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Packer Legend wins 4th Superbowl - in court

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Packer Legend wins 4th Superbowl - in court

According to the AP, a federal jury ordered the NFL Players Association to pay $28.1 million to retired players after finding the union failed to properly market their images. The suit was brought by Packer Legend & Hall of Fame cornerback Herb Adderley on behalf of 2,056 retired players who contend the union failed to actively pursue marketing deals on their behalf with video games, trading cards and others sports products.

Adderley, 69, played cornerback for the Green Bay Packers and Dallas Cowboys and appeared in four of the first six Super Bowls. He appeared every day in court wearing his yellow "NFL Alumni" sports jacket and wept when the jury's verdict was read.

"I won three Super Bowls and this feels better than all of them combined," Adderley said immediately after the verdict was announced. "I always felt I had one big play left."

"We felt we had to send a message that the union needs to represent and protect all its members," said Susan Smith, part of the 10-person jury that voted unanimously in favor of the retirees. "We felt the players' union didn't do that."

I first read about the case in early May of this year when the judge allowed it to go forward and reported on an AP update in October at the fan forum. Shame on the players union for not representing ALL of it's members. Oh wait did I say protect it's members? I meant executives protecting themselves -

Lawyers representing Adderley and the retired players told the jury during the three-week trial that the union actively sought to cut them out of licensing deals so active players could receive bigger royalty payments. As proof, the retirees pointed to a 2001 letter from an NFLPA executive telling Electronic Arts Inc. executives to scramble the images of retired players in the company's popular Madden video game, otherwise the company would have to pay them.

EA's Madden game contains 143 "vintage" teams populated with no-name players that closely resemble Adderley and other retirees. Yet only active players received a cut of the EA deal, the union's largest, which surpassed $35 million for 2008.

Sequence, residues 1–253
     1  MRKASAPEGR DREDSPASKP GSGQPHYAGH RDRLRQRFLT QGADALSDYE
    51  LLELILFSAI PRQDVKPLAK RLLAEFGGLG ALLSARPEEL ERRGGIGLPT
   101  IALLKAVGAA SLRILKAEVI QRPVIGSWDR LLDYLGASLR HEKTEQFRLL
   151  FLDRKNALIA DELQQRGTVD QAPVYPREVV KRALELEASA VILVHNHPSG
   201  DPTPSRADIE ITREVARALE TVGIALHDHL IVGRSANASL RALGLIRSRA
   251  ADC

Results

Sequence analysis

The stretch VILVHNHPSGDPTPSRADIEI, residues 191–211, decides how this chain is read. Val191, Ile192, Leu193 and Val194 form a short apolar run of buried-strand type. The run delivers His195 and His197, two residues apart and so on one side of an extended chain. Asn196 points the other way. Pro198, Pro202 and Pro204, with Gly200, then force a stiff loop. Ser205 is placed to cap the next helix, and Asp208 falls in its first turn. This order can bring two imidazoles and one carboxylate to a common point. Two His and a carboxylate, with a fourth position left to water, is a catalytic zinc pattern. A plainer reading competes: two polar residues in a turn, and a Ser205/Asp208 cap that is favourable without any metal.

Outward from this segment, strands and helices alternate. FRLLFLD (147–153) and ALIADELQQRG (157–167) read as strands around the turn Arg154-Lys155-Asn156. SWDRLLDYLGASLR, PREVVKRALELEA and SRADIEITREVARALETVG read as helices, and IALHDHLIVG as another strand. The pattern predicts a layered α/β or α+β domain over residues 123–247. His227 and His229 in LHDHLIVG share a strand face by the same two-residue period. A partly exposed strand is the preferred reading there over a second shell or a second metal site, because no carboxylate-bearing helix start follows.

So instead of doing your duty to NFL History as a 59% of the total revenue gatekeeper - you..Mr./Mrs. (put name of NFLUPA Executive of your choice) decide it is more important to hold the line on precedent (whilst taking a nice cut) and forego such unreasonable long term strategic goals as educating a new generational class on the breadth and sweat and history of the sport...not to mention an untapped resource in the marketing potential of older players who helped establish the modern era's success. It's the shortsightedness of it that makes me sick. The NFL will only survive if it remembers it's history, always - the more that is taken for granted and greed is allowed to drive the train - the more it squanders the opportunity to be sustainable. It is no coincidence that it was a Packer (and Dallas) Legend who had to lead the charge to shock the sytem. Kudos to Herb Adderley and all of the men of the "vintage" NFL who made the current NFL what it is today.

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Fan friendly comments only: off Comments (6) This filter will hide comments which have ratio of 5 to 1 down-vote to up-vote.

packeraaron's picture

Damn fine post Corey.

Ron La Canne's picture

Thanks for the update on this Aaron. Corey thanks! I'm probably prejudice in this mater, but I find it hypocritical for today's superstar babies and their agents to get the benefits of a league that was built in the fifties and sixties without some reciprocation. They owe those guys for what they have done.

It really started with Alan Ameche's 1 yard televised run against the Giants and the appointment of Pete Rossle as comissioner of the NFL. The GB franchise was saved by Lombardi being in GB at the time Rossele was promoting TV as the focus of the NFL. In 1954 GB was told to build a new stadium or lose the team to Milwaukee. The stadium alone did not make GB a viable franchise. It was Rossele, TV, and revenue sharing that made that happen. And most of all the players who played with little or no security for the love of the game.

We forget that the greats of that era like Adderly, Taylor, Kremmer, Star, Robinson, Hornung and all the others needed full time employment in the off-season to support their families. When they retired they had to live their lives with broken bodies and no help from the NFLPA. This is Mike Ditka's crusade now. The new director of the NFLPA needs to deal with these issues as his highest priority.

They (the veteran players) gave us this game. The players of today who make millions owe something to them.

packeraaron's picture

Ron, have you read The Birth of the New NFL? It was written by an old Buffalo Bills beat writer and is fantastic.

cheese5's picture

Ron- nice points- what really bothers me is that a little kid is playing "vintage" when he could have the opportunity to learn about the older players through the game.

I know people are going to say - "it's just a video game" but it's not- it's a MAJOR medium (bigger in some ways than TV or internet) for the youth of this country.

Andrew in Atlanta's picture

Excellent post Corey and great comments Ron

Mr.Man's picture

Completely agree. Why wouldn't the union seek some additional compensation on behalf of the retired players? What a great way to show them some appreciation, especially when everyone knows that many of these players are in terrible health due to their years of playing such a violent game. The fact that the union has no interest in taking care of their retirees is despicable.

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